2019 marked a notable uptick in automotive mergers, partnerships, and alliances. Ford, Amazon, and Rivian are kinda-sorta collaborating on several different EV’s, or at least making sure one of them (Rivian) is able to keep the lights on so the other two can benefit. Ford also cemented a new relationship with Volkswagen. But the biggest news this year is the coming together of FCA and PSA, which will see Peugeot, Citroen, DS, Opel, and Vauxhall join forces with Chrysler, Dodge, Jeep, Ram, and the European brands that haven’t found much success in America.
FCA’s latest flirtation and hook-up isn’t a done deal yet, but there are absolutely no objections on either side and the boards of both companies approved the deal. The French government also endorsed the decision, which is an important milestone, because their reluctance to back the FCA-Renault merger axed that plan altogether. That initial deal was probably doomed by other factors though, like the increasingly fraught relationship between Renault and Nissan.
Automotive historians will also note that Chrysler had dealings with both European companies in the past. Renault sold its stake in AMC to Chrysler in the late 80s, a move that enabled the company to acquire the golden goose that is Jeep. And Chrysler sold its European assets to Peugeot after it failed to make headway there. But now they’re back together!
As for the specifics of the deal, it will be a true 50-50 merger. PSA CEO Carlos Tavares will helm the combined group. No word on what FCA CEO Mike Manley will be doing, but the guy responsible for Jeep’s modern sales surge will no doubt play a big part in the new conglomerate. As for how the deal came together, Automotive News detailed how talks materialized beyond idle chatter:
Tavares opened another channel to Mike Manley, the Fiat Chrysler CEO who had taken the job after Marchionne passed away suddenly last year. The two engineers had known each other for more than a decade and had a good relationship, sending each other text messages frequently.
The merger comes just as FCA posted record profit in Q3 2019. Unsurprisingly, that profit comes from North America and is based on the success of Ram and Jeep. The $2.3 billion operating profit for North America is an all-time high, as is the 10.6 profit margin. Those are excellent numbers in this day and age.
Even brands like Dodge are doing well. The Challenger, Charger, and Durango are selling in record numbers despite their age. The Ram Classic also resonated with customers and catapulted the 1500 lineup to second place in the pickup truck wars. Jeep now has its own pickup truck in the Gladiator. But aside from the Ram trucks, the Wrangler, and its newer truck variant, a substantial portion of FCA’s American offerings are quite outdated and will need redesigns at some point in the future. The increased economies of scale will certainly help the new company shell out the cash for new platforms that may not necessarily be sold outside North America.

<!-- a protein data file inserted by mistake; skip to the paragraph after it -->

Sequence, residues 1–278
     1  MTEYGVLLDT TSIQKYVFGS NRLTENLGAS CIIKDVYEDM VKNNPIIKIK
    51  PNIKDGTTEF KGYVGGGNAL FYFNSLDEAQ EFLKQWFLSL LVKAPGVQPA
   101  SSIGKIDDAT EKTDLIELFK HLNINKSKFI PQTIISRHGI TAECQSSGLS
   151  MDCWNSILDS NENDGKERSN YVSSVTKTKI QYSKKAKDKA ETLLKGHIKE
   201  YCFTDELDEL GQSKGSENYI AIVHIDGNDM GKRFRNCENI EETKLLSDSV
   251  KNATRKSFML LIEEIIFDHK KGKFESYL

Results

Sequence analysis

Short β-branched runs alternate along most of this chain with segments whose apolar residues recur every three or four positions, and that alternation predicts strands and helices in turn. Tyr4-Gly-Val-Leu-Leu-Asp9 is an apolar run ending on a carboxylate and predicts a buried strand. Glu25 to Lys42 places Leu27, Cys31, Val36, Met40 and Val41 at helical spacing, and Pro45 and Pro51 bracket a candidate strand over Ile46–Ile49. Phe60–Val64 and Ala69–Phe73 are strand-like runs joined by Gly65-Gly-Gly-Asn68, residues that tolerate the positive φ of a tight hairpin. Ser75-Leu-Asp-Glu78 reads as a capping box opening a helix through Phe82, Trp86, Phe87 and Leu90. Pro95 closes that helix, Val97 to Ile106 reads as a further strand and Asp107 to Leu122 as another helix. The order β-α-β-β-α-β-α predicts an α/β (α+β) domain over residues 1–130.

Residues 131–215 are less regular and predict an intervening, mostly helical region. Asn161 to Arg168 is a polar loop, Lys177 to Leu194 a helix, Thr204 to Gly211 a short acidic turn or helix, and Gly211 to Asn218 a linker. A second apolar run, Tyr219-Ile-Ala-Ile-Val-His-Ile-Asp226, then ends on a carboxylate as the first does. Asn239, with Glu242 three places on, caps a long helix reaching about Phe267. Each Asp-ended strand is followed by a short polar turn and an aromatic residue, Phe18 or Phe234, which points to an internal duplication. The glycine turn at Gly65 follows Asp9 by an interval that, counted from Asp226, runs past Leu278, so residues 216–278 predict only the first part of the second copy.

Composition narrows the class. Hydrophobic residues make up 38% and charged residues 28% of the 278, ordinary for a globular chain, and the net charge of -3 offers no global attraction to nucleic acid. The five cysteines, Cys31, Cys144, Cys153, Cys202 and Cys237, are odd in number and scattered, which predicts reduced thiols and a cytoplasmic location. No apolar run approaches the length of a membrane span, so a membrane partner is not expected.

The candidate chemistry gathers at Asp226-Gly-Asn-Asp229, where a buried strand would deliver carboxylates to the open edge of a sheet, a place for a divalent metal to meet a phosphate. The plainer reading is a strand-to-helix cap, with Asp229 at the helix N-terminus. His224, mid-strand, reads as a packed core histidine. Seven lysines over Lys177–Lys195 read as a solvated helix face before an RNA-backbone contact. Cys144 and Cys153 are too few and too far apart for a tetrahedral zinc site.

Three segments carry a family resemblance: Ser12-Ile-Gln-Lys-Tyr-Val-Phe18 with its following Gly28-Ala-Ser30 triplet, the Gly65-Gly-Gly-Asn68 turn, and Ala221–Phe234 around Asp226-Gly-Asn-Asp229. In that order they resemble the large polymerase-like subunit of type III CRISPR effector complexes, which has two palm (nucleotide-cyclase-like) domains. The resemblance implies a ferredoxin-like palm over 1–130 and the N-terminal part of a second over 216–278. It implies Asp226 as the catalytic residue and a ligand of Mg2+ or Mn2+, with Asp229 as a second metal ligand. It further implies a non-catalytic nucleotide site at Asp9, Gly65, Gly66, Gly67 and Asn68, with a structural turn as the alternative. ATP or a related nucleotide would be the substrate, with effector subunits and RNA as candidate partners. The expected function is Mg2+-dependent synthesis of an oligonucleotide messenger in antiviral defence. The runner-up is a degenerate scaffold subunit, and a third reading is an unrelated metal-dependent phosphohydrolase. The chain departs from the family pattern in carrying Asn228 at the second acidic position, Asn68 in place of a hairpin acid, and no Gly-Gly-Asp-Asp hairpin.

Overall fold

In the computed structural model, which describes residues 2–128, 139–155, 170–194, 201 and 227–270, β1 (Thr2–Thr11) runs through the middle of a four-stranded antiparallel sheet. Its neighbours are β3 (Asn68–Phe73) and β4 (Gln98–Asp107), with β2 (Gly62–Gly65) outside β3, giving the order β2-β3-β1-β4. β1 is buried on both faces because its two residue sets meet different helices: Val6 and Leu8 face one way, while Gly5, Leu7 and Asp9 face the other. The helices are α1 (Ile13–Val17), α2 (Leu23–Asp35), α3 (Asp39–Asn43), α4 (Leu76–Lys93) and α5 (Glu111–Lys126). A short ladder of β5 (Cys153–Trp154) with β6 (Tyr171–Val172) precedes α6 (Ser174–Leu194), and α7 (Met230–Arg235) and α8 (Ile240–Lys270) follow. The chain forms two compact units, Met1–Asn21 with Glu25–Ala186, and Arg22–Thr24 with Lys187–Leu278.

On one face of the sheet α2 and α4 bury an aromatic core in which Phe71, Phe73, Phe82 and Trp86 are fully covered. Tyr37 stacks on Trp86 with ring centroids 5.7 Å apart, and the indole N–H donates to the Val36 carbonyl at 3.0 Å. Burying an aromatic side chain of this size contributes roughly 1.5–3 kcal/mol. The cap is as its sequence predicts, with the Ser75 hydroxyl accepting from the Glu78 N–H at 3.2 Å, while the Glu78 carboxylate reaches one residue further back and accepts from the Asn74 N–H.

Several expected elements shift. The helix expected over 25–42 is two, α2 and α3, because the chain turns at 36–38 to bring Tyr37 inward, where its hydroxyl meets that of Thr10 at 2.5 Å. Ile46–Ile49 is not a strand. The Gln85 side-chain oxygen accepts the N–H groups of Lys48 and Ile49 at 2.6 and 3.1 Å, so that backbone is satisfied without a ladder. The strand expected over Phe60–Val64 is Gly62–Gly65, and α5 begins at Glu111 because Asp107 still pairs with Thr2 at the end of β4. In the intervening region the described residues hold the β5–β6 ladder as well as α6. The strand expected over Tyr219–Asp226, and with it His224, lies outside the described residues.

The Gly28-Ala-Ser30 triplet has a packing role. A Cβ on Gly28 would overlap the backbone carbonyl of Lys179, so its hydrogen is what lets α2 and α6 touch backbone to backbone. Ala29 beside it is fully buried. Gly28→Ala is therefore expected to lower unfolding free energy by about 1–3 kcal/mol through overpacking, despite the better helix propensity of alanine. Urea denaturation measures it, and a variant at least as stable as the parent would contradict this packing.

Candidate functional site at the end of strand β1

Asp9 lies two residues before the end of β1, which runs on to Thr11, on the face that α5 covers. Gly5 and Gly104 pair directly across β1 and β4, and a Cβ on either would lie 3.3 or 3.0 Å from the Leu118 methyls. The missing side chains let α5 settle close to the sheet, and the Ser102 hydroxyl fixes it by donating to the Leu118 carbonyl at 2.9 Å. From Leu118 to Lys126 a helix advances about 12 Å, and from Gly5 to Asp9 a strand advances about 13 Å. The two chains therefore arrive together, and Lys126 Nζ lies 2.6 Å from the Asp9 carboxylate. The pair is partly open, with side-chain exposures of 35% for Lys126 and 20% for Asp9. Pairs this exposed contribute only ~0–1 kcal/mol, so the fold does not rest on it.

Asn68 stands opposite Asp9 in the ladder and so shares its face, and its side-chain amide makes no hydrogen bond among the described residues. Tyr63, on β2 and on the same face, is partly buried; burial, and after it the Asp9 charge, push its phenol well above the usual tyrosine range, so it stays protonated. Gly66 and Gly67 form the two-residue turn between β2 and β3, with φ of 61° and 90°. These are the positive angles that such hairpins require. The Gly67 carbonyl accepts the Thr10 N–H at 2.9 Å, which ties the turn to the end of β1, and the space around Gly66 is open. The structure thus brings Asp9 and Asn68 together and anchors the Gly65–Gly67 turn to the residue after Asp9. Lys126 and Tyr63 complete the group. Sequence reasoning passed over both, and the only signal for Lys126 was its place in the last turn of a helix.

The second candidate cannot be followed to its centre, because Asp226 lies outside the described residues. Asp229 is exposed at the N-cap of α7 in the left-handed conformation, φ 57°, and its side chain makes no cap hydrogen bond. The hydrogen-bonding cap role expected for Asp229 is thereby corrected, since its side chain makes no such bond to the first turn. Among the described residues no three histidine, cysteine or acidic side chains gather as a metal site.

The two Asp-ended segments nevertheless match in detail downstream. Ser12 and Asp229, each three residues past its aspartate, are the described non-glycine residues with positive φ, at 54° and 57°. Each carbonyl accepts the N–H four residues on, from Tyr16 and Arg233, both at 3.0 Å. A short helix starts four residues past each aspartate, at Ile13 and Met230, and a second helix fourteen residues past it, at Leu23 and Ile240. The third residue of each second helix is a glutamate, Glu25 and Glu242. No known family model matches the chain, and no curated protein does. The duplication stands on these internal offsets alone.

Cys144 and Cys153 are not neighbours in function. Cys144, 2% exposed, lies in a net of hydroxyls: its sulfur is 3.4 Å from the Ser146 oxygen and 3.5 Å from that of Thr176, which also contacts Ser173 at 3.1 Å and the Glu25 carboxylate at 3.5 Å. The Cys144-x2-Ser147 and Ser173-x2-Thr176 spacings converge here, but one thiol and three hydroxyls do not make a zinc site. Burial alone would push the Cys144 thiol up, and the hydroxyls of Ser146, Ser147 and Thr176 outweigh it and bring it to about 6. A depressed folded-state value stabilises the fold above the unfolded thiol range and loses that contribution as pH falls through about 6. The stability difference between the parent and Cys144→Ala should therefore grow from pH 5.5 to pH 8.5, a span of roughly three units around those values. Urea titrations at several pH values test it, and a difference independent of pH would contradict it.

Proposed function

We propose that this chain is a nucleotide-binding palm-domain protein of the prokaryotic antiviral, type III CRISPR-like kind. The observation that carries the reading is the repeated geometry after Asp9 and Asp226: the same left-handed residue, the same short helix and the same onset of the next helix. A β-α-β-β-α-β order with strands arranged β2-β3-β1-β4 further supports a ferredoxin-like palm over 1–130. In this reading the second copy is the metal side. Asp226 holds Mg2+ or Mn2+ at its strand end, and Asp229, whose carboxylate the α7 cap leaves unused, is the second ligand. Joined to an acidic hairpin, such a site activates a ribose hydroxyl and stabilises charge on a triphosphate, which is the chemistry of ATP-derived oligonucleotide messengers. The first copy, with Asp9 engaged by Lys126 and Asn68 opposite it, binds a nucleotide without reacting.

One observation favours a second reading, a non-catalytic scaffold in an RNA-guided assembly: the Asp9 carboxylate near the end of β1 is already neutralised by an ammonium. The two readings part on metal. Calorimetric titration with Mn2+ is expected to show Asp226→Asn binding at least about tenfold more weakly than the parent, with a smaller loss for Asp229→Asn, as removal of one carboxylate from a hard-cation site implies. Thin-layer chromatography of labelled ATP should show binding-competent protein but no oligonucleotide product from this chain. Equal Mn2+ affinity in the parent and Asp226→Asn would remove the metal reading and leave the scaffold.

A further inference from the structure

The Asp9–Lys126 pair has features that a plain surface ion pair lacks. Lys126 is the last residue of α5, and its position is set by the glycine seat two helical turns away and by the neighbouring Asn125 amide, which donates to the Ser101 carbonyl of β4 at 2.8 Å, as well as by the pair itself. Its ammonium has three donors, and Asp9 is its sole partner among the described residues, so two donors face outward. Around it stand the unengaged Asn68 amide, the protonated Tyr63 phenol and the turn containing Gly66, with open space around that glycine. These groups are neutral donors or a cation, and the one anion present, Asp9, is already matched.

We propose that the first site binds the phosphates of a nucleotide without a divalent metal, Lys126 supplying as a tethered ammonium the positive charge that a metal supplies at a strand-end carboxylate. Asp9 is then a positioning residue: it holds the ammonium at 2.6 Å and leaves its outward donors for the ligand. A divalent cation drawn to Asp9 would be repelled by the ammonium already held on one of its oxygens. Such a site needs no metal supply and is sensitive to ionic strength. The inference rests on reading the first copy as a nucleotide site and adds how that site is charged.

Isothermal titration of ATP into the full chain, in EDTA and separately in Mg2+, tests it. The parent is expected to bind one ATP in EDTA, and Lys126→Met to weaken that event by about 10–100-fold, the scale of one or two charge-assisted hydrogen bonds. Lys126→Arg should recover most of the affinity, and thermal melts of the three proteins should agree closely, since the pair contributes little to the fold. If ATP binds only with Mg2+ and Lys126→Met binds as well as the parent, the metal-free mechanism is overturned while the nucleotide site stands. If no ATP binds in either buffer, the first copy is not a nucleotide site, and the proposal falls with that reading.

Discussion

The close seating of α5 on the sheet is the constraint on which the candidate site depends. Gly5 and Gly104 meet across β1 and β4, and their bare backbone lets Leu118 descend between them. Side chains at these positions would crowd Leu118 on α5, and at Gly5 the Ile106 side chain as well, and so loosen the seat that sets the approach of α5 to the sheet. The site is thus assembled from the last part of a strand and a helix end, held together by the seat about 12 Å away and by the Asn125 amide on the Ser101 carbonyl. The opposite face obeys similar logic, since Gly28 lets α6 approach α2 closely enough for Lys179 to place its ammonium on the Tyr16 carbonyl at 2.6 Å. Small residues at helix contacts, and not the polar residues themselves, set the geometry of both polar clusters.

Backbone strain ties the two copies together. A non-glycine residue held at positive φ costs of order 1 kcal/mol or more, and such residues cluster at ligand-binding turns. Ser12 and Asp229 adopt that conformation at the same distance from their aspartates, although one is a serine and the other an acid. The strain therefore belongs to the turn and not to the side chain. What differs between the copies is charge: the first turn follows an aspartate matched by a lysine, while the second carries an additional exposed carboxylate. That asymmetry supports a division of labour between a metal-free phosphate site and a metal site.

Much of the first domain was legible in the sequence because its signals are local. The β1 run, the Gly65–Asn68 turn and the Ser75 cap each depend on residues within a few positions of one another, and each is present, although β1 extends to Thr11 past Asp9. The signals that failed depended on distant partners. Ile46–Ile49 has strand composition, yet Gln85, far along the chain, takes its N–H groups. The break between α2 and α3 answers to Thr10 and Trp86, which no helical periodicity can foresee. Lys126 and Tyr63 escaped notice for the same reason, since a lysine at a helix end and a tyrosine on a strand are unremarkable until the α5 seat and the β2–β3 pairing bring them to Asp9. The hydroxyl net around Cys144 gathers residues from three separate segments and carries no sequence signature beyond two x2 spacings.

As for the actual products that might make it over to America, don’t get your hopes up too much. PSA contains Peugeot, Citroen, DS, Opel, and Vauxhall. They sell a lot of modern crossovers but none are over 180 inches in length. Small cars aren’t exactly hot right now, but rebadged alternative energy sedans and hatchbacks could help improve CAFE numbers. It’s more likely that the merger will result in shared platforms, engines, and transmissions. Although Peugeot did commit to making landfall in America by 2026, something that can definitely be moved up now that they have access to a substantial dealer network.
Here is something that is far-fetched but not totally outside the realm of possibility. The Buick Regal TourX exists as a rebadged Opel Insignia. It uses a GM platform but Opel builds it for Buick. It’s likely that the wagon only survives for one generation before getting cancelled, despite how many CC contributors own it (Or how incredibly cool it is. Because it totally rocks). Theoretically, that same wagon could reappear as something else, or its successor could. Chrysler 200? Dodge Magnum? Eagle Premier TourerCrossTrailXtremeAdventure? The possibilities are endless!
Anyway, as with all corporate mergers, there will be redundancies. It’s looking like Fiat and Alfa Romeo will be the first casualties in North America. Not like they’re doing great anyway. Apparently the Giulia hasn’t lit the world on fire. Maybe because it’s a fantastically unreliable vehicle? Who knows. But Euro vehicles, especially small ones, are going away in America and it’s not absurd if Fiat is replaced by Peugeot, which has a lot of small crossovers, as has been mentioned. There is talk of electric Maseratis and EVs using Tesla tech, but we probably shouldn’t believe those things until we see (or drive) them.
Anyway, that’s about all the news on this front. If you’ve got a PSA product you’d like to see in America, share it!